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Violence in the east is escalating and threatening the elections

President Tshisekedi is campaigning against Rwanda's proxy militia but the clashes are spinning out of control

Last week's decision by the East African Community (EAC) to extend the mandate of its regional military force in eastern Congo-Kinshasa could lead to December's presidential elections being delayed (AC Vol 63 No 24, Scrambling for a Pax Swahili).

Known as the East African Community Regional Force (EACRF), it was meant to face down militias in Congo-Kinshasa's eastern provinces, specifically fighters from the M23 military, widely reported to backed by Rwanda.

Although President Félix Tshisekedi been ramping nationalist rhetoric against Rwanda as part of his election campaigning and initially supported the deployment of the force, he now sees it as an irritant.

Extending the force's mandate, due to expire on 8 September, to 8 December was agreed by East African leaders in the absence of President Tshisekedi.

In May, Tshisekedi, who is running for a second term, extended the Kenya-led force's mandate to September but insisted that a second extension would be based on his assessment of the force's performance.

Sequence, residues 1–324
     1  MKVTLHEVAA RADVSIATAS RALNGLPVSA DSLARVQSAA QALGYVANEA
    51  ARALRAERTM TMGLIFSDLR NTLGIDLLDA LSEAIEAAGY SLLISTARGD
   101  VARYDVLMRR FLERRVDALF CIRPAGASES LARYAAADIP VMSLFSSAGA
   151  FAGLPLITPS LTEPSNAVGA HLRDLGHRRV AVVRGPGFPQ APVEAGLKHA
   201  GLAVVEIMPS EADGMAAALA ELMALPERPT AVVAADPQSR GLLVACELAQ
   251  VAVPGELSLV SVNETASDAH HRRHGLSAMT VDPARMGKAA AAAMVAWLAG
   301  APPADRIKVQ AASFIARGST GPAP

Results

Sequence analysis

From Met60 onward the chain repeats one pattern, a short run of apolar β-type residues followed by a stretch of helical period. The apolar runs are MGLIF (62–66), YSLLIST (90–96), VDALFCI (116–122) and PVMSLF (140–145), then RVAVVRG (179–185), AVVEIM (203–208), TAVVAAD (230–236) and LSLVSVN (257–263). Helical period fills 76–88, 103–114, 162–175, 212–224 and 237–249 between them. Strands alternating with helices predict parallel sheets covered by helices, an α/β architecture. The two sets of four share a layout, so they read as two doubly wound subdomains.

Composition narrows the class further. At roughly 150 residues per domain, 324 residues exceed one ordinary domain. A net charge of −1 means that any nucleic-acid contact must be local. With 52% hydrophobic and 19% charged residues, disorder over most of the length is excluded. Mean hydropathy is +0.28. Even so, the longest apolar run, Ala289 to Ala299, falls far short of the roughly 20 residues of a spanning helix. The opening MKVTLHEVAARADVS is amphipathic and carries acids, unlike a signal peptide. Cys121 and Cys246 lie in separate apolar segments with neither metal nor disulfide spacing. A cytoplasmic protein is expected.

The recent upsurge in violence in the east, where over 120 armed groups operate, including the Rwanda-linked M23, complicates the organisations of elections on 20 December. In present conditions, it would be nigh-on impossible to organise credible elections in much of the east of the country.

For many Congolese, the occupation of their eastern provinces by regional soldiers is the latest act in a history of foreign meddling dating back to the assassination of Patrice Lumumba.

And the killing of around 50 people by security forces in the week ending 9 September after protests in Goma against UN peacekeepers and EACRF soldiers has prompted more public anger. Tshisekedi said that it could 'only be the subject of strong disapproval and condemnation'.

Opposition leaders such as Martin Fayulu, regarded by many as the rightful winner of the 2019 presidential election, are seeking to make political capital out of the EACRF's unpopularity with civilians.

In recent weeks, Fayulu, Moïse Katumbi, and other opposition leaders and their supporters, have been banned from gathering to protest outside the electoral commission in Kinshasa, in response to what they described as 'the chaotic electoral process.'

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